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Comment: Improvement in financial conditions can continue PDF Print E-mail
Monday, 20 March 2017
The global economy is presenting a positive picture with both developed and emerging markets contributing to growth. The improvement in global conditions has coincided with rising financial market confidence. We appear to be in a steady state of equity markets grinding higher, gently rising bond yields and low volatility. Recognising that we are in an unusually extended market cycle, with markets now eight years on from their Global Financial Crisis lows, we believe that the improvement in financial conditions can continue in the near term, driven by excess liquidity, still dovish central banks and an improving global backdrop, with inflation not expected to run into the danger zone. That said, we acknowledge that valuations across developed market equity indices are looking more expensive and credit spreads are at historic lows (the yield difference versus the equivalent maturity sovereign bond). We are therefore comfortable with the current moderate risk overweight, but have little inclination to add further to risk levels. 

By Michael Stanes, Investment Director at Heartwood Investment Management

Equities: Notwithstanding the positive and improving growth outlook, our view remains that a modest overweight in equity is appropriate. The ‘reflation trade’ continues to dominate the market narrative, despite the bond market showing some scepticism that the growth momentum can be maintained. Valuations and performance prevent a more positive stance toward equity overall, particularly with event risk in Europe and some uncertainty around the pace of US policy moves. We retain our positive view on US equities beyond the immediate future, maintaining our slant to cyclical stocks. We have also added to positions in healthcare, where we see long-term opportunities to benefit from ageing demographics and new therapeutic discoveries. Our overweight in European equities remains a contrarian trade, but we believe this region will benefit from a corporate earnings recovery as fundamentals improve. Similarly, we expect these trends to also support Japanese equities. We remain underweight in UK equity and believe it is too early to repatriate assets. In emerging markets, we maintain our overweight position but would not add to it at this point, given its recent resilience and possible risk of a trade policy shock out of the US.

Bonds: Interest rate policy divergence is emerging as a stronger theme in developed sovereign bond markets. Over the last month, US treasury yields have drifted higher on the re-pricing of interest rate expectations, while UK gilts, in particular, have outperformed despite a backdrop of increasing inflation. We believe that being short duration remains appropriate in the current environment of improving global growth and reflation. Credit markets should continue to be supported by improving economic fundamentals, although supply has weighed on some parts of the market more recently. In a Fed tightening environment, leveraged loans have seen notable outperformance. We continue to have select exposure to shorter-dated investment grade corporate bonds, specialist lenders and emerging market sovereign debt.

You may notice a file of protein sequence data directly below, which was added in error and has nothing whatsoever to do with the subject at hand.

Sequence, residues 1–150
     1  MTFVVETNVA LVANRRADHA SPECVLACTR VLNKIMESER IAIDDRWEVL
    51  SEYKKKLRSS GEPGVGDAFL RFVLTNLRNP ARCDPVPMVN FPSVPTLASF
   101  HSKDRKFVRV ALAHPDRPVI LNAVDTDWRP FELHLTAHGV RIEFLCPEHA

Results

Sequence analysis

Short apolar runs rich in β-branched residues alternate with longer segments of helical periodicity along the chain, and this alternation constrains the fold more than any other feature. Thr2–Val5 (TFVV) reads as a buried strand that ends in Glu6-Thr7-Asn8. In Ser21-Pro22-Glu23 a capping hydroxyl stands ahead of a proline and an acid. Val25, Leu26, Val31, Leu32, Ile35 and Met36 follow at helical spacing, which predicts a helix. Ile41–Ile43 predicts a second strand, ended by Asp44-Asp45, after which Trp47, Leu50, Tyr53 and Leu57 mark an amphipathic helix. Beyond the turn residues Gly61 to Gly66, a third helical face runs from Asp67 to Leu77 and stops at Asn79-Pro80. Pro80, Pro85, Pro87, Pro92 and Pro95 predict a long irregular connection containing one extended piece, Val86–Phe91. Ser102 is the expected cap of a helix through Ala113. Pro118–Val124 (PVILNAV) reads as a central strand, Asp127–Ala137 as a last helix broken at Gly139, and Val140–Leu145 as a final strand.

Property: UK property developers and listed vehicles have performed well of late, supported by better than expected fourth quarter results and the rally in UK gilt yields. Nonetheless, there are few catalysts that we can see in favour of this market over the medium term, given uncertainty around Brexit, and we believe it would be too soon to add. Our underweight in UK commercial property remains intact based on the supply outlook, especially in the South East. Across sectors, we continue to seek income opportunities in the industrials and offices. On a regional basis, we are invested in cities outside of London, which are less exposed to the ‘Brexit’ fallout. Outside of the UK, we are also looking at opportunities in the US REIT (real estate investment trust) market, although we remain wary of the impact of the Fed’s more hawkish stance.

Commodities: Until mid-March, the low volatility and tight trading range of the oil price have been noteworthy this year and we did not expect this situation to last. Concerns around inventory levels and the discipline of OPEC producers keeping to agreed limits are now testing the market’s resolve, leading to the oil price sliding to a three-month low. Despite the sell-off, we continue to expect that an improving global economic environment, reflation and a tighter supply/demand balance will ultimately be supportive to commodities this year. Direct access to this market is through owning futures contracts rather than the physical assets and while the risk/return profiles are looking more attractive across some parts of the complex, they are not yet at levels where we are ready to invest. We have, though, a position gold in some strategies for diversification.

Hedge funds: While we have held a limited allocation to hedge funds in recent years on concerns around performance, we believe that increasing interest rate divergence should create more opportunities going forward. Our preference remains for macro/CTA strategies, but we are also taking a more positive view on equity hedge strategies, given the greater likelihood of increased stock dispersion (i.e. between winners and losers), as well as credit long/short strategies.

Cash: We have reasonable levels of liquidity across our portfolios both in cash and short-dated bonds, which we are ready to invest as and when we see specific opportunities. Market volatility remains low, a situation unlikely to persist throughout 2017.

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